Cubans brace for impact of new restrictions

Time of article published Jun 27, 2004

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By Anita Snow

Havana - Pedro Manuel Camos's firstborn was a babe in arms when the boy's grandparents met him last year during a trip back to their native Cuba from their adopted home of Florida.

But under new US rules taking effect on Wednesday, the grandparents likely won't see little Pedro Alejandro again until he is walking, talking three-year-old. The rules say Cubans in the United States can visit family here just once every three years, rather than the previous once annually.

Aimed at strangling Cuba's socialist economy and forcing out President Fidel Castro, the rules also more tightly restrict how much money and luggage visiting Cubans can bring and how much they can spend.

They also dictate which relatives can receive money from the United States, ruling out aunts, uncles, cousins and others not considered immediate family. The rules are retroactive, stretching back to the last Cuba trip.

"It will affect my mother more than anyone else," said Camos, 40. "She has a lot of family here: her mom, a brother and sister, two sons, and her grandchild.

"What a lot of people don't understand is that the ties between Cubans here and Cubans there is more emotional than economic," he added.

More than one million Cubans live overseas, an estimated 600 000 of them in South Florida. The rest live mostly in other parts of the United States, Latin America and Europe.

Nearly 168 000 Cuban visitors - including 115 000 from the United States - visited last year, bringing with them cardboard boxes and huge vinyl suitcases stuffed with clothes, medicines, toys, and household goods.

Direct charter flights between Havana and Miami were packed this week as Cuban Americans rushed to make one last trip to the island. Those already here rushed to get back home before Wednesday's deadline.

"These regulations are a harsh blow to the Cuban family," Rafael Dausa, director of the Foreign Ministry's North America Department, said recently.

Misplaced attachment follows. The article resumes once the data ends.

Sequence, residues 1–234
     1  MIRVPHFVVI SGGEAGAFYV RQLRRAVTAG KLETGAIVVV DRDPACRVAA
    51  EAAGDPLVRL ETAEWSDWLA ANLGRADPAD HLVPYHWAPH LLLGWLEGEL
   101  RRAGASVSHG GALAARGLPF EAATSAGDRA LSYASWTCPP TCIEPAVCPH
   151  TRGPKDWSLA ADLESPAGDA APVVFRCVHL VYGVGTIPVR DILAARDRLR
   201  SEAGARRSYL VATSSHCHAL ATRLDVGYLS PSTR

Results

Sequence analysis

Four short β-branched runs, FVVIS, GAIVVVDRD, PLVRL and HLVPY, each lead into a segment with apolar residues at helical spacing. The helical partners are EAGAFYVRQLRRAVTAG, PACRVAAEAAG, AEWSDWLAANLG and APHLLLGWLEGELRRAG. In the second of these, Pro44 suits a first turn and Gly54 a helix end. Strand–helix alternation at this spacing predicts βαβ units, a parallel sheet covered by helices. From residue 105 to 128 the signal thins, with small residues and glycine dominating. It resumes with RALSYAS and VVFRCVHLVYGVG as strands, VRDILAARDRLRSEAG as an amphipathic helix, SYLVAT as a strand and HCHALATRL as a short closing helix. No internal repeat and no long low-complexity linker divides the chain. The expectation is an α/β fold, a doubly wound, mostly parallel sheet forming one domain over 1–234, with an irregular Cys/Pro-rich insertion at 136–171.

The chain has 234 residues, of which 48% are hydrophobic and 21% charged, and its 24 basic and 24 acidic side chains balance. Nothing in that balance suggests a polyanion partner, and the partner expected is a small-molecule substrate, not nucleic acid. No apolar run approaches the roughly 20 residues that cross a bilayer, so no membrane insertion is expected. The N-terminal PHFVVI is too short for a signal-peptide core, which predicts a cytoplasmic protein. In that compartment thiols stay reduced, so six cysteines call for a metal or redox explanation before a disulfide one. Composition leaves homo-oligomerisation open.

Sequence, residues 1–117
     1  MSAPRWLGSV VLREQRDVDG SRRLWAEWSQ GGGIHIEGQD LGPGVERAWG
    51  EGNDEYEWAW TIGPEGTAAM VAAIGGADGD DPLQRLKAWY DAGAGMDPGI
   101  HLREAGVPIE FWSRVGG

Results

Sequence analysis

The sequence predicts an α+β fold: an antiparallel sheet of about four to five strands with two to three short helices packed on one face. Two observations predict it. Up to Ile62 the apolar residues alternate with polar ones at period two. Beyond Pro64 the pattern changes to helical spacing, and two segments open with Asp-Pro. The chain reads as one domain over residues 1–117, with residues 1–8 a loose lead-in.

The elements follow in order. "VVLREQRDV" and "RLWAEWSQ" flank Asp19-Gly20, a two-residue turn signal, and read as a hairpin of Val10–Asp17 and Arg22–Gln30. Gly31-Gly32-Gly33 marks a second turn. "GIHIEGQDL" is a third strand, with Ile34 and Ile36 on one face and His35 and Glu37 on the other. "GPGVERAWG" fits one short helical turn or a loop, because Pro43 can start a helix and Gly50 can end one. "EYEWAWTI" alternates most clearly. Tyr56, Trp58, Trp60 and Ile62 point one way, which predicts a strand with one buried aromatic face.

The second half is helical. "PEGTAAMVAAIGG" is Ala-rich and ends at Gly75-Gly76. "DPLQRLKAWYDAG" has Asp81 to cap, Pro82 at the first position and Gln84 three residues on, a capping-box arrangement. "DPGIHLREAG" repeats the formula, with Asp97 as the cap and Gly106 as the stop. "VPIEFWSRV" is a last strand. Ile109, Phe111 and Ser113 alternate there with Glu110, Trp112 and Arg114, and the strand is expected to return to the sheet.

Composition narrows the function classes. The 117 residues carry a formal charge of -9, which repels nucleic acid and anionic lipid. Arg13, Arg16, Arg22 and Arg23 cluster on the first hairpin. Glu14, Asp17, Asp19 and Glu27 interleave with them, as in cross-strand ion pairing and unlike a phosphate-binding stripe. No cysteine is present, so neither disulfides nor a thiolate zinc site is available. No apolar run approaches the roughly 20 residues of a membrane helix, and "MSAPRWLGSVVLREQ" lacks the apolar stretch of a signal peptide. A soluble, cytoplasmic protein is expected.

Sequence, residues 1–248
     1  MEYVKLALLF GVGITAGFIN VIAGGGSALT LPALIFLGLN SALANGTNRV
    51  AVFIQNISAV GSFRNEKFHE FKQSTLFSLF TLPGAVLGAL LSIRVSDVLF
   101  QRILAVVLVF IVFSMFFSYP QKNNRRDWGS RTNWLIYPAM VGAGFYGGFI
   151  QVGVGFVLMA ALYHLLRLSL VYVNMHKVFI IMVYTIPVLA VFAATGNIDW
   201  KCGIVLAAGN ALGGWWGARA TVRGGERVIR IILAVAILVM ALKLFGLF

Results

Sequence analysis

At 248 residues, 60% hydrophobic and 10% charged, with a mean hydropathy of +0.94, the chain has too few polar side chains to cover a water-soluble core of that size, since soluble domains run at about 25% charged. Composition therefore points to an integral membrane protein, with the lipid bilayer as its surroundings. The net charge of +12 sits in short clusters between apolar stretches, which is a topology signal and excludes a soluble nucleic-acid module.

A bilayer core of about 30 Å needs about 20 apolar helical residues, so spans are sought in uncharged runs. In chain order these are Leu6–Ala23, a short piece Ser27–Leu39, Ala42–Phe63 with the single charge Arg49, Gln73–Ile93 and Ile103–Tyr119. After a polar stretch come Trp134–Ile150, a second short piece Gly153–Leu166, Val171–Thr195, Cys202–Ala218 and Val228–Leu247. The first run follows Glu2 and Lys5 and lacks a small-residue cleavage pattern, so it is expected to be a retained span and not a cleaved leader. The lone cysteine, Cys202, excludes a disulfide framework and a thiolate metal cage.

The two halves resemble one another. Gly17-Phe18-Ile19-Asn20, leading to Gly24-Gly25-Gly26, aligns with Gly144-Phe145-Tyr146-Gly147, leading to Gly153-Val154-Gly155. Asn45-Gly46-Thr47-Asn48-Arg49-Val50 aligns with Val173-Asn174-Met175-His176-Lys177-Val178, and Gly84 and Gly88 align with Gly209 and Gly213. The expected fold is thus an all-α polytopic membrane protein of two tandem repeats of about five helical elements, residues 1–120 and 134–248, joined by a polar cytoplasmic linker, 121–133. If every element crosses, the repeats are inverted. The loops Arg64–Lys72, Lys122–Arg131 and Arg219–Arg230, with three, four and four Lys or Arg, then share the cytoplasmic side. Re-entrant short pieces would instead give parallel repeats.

Castro this week (June 21) declared the measures "an atrocious and inhumane act", and said they would not dislodge him from power.

The US president's Commission for Assistance to a Free Cuba recommended the new rules in a recent report that amounted to a call for regime change.

Administered by the US Treasury Department's Office of Foreign Assets control, the rules were welcomed by conservatives in Miami's Cuban exile community, many of whom left in the 1960s and have no family here.

US Rep. Ileana Ros-Lehtinen, a Cuban-born Florida Republican, said: "These new pressures on Cuba's command economy will rob the dictatorship of funds to further oppress the Cuban people."

A second Cuban-American in Congress, US Republican Lincoln Diaz-Balart, also a Republican from Florida, called Bush "the best friend the cause of freedom for Cuba has ever had in the White House".

But the measures have been largely criticised on the island, where many look forward to visits by relatives bearing gifts, cash, and stories of new lives across the Florida Straits.

As in the case of remittances, future trips here also will be limited to immediate family members.

Cuban officials wryly point out the rules would eliminate as immediate family the great-uncle of Cuban boy Elian Gonzalez, who unsuccessfully fought in 2000 to keep Elian in the United States after he was found floating on an inner tube off Florida.

Even many dissidents oppose the measures, and resent CmigrCs who support moves making life here even tougher.

Miriam Leiva, wife of imprisoned dissident Oscar Espinosa Chepe, said the measures will hurt Cubans more than Castro. Her husband, serving 20 years, was among 75 opposition members rounded up in a crackdown last year.

"For which Cuba - and for whose Cuba - was the Bush administration's plan to hasten reform in Cuba written?" Leiva asked in a May 24 article in the online magazine Salon.com.

"Speaking neither for the Castro government, which oppresses us, nor for Miami's Cuban community, which uses our suffering to advance its own ends, I am forced to ask: Who will faithfully represent the Cuban people and Cuban's political dissidents?"

Eloy Gutierrez-Menoyo, founder of the Miami-based exile group Cambio Cubano, also criticized the new rules. "These measures are in absolute disagreement with the interests of Cubans on the island and only contribute to the entrenchment of Cuba's government," he said.

Gutierrez-Menoyo returned to the island last year to stay for good, but his immigration status here remains undefined. He said that because he remains a legal US resident, and belongs to the opposition, he hopes the rules won't affect visits by his family.

Now 69 and nearly blind, Gutierrez-Menoyo lives in Havana while awaiting a reply to his request to live here permanently as a Cuban citizen.

His wife, also of Cuban origin, and his three school-age sons, all US-born American citizens, live in Miami.

The family visited last year and await a U.S. officials decision on their request to come back this summer.

"Can you imagine not being able to kiss your sons for three years?" Gutierrez-Menoyo asked. - Sapa-AP

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